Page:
10 Hua, Ngow, Xinjiapo huazu huiguan zhi, vol. 1, 57 and Lee Poh Ping, Chinese Society 50–1.

11 Hua, Ngow, Xinjiapo huazu huiguan zhi, vol. 1, 63 and Seng, Lim How, Shile guji, 21.

12 Lip, Chinese Temple Architecture, 62; Fudeci luyeting yuangeshi tekan (A History of the Fuk Tak Chi and Luyeting) (Singapore, 1963), 1920;Xinjiapo qiongzhou tianhougong qiongzhou huiguan dasha luocheng jinian tekan (Singapore Kiung Chow Tin Hou Kong Kiung Chow Hwee Kuan Building Opening Ceremony Souvenir Magazine) (Singapore, 1965), 65ff.

13 The most original discussion of this pattern of overlapping directorship and its implication for community leadership is Skinner, Leadership and Power. For the application of his model in other contexts, see Yuan, Li Yih, Yige yizhi de shizhen: malaiya huaren shizhen shenghuo diaocha yanjiu (An Immigrant Town: Life in an Overseas Chinese Community in South Malaya) (Taipei, 1968), and Straaton, K., ‘The Political System of the Vancouver Chinese Community: Associations and Leadership in the Early 1960s’, Master Thesis, University of British Columbia, 1974.

14 Tongji yiyuan dasha luocheng jinian takan (Thong Chai Medical Instituion Opening Ceremony Souvernir Magazine) (Singapore, 1979), 7, 104–5, 109–27.

15 Ching-fatt, Yong, Zhanqian xinghua shehui jiegou yu lingdaoceng chutan (A Preliminary Study of Chinese Community Structure and Leadership in Pre-war Singapore) (Singapore, 1977), 79.

16 One example was the Po Chiak Keng Tan Si Chong Su which began in 1878 as a Hokkien body. As early as 1883, Teochews were accepted as members. Hua, Ngow, Xinjiapo huazu huiguan zhi, vol. 2. 23–4.

17 NA Kwangtung Huay Kuan Minutes of Meetings of the Organizing Committee, 5 July 1938. Also NYSP, 6 July 1938.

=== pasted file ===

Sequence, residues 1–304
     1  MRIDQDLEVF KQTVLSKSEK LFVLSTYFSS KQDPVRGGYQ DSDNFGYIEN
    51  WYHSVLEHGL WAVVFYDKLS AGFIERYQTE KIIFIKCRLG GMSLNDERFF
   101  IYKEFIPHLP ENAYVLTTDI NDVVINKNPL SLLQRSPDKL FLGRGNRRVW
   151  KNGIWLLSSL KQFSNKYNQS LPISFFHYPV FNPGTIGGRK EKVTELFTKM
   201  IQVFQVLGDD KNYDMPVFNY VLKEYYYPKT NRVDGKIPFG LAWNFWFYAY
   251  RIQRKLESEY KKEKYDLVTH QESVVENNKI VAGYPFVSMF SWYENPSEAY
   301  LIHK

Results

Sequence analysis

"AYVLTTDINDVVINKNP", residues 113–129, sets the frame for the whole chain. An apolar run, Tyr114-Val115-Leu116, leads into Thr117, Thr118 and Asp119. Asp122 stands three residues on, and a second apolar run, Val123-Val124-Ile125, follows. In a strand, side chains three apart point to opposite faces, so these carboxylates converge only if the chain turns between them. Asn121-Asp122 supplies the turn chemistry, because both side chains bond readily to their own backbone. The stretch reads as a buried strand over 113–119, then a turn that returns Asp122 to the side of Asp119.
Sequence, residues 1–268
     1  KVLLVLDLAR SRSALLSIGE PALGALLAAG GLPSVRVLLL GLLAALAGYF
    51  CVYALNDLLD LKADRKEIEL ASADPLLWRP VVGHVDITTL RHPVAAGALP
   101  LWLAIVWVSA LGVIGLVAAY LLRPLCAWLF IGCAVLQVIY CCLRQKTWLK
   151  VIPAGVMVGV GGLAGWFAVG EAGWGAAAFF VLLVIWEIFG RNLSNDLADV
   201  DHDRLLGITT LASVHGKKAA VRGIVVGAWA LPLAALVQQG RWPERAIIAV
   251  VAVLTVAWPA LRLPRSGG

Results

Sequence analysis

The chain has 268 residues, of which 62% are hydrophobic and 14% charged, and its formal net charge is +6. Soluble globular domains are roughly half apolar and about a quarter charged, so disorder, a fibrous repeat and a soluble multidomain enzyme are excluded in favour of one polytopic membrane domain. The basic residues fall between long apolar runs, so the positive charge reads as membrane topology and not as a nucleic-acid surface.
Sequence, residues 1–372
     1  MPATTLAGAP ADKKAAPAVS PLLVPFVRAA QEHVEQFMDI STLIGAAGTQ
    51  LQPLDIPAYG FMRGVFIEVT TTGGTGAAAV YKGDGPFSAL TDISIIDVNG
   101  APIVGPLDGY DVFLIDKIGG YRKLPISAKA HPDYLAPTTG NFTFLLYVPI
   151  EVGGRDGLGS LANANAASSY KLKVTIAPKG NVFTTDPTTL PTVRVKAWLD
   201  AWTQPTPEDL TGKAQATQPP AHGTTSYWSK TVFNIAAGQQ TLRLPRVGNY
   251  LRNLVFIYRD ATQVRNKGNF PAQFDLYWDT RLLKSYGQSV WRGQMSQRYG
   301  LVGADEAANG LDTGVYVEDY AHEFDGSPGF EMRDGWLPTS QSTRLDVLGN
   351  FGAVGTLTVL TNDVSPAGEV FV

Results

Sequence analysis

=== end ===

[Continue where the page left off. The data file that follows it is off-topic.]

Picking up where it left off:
18 Many contemporary observers and scholars have commented on the phenomenon of economic specialization or even monopolization by different subethnic groups. The best discussion to date is Cheng Lim-keak, Social Change and the Chinese in Singapore particularly chapter 5. The examples cited here are from Xinjiapo anxi huiguan jinxi jinian tekan (Singapore Ann Kway Association 50th Anniversary Souvenir) (Singapore, 1973), 357–8, 366–7.

19 Xinjiapo zhonghua zongshanghui qishiwu zhounian jinian tekan (Singapore Chinese Chamber of Commerce and Industry 75th Anniversary Souvenir Issue) (Singapore, 1982), 56. On the Kwangtung Huay Kuan and some isolated attempts on the part of a few reform-minded Chinese leaders to dismantle the rigid bang system, see Ng, Wing Chung, ‘Huiguan—Regional Institutions in the Development of Overseas Chinese Nationalism in Singapore, 1912–41’, M.Phil. Thesis, University of Hong Kong, 1987, 187–9, 228–41.

20 NYSP, 4 May 1928. Xingzhou huian gonghui wushi zhounian jinian tekan (Singapore Hui Ann Association 50th Anniversary Souvenir) (Singapore, 1979), 85. NA Ann Kway Association Minutes of Meetings, 5 Feb. 1933.

21 On these futile efforts, see the various issues in the NYSP in 1929, 1931 and 1932. The most prominent Hokkien leader, Kee, Tan Kah, has given an incomplete and partisan account of the events in his autobiography Nanqiao huiyilu (Tan Kah Kee: An Autobiography) (Singapore, 1946; repr. Hong, Kong, 1979), 3740passim.On the Nanyang Hokkien General Association, see NYSP, 1–2 April 1941. Notice the reminiscences of Tan in his Nanqiao huiyilu, 230–79 as well.

22 Malaixiya xinjiapo qiongzhou huiguan lianhehui sishi zhounian jinian tekan (Malaysia and Singapore Federation of Hainanese Associations 40th Anniversary Souvenir Magazine) (Johore, 1973), 10.NYSP, 16 Dec. 1933. Malaixiya chaozhou gonghui lianhehui di ershijiu zhounian jinian tekan (The Federated Teochew Associations of Malaysia 29th Anniversary Souvenir) (Singapore, 1964), 35–7. NA Nanyang Khek Community Guild Minutes of Meetings. Keshu zonghui shizhounian jinian tekan (Nanyang Khek Community Guild 10th Anniversary Souvenir) (Singapore, n.d.).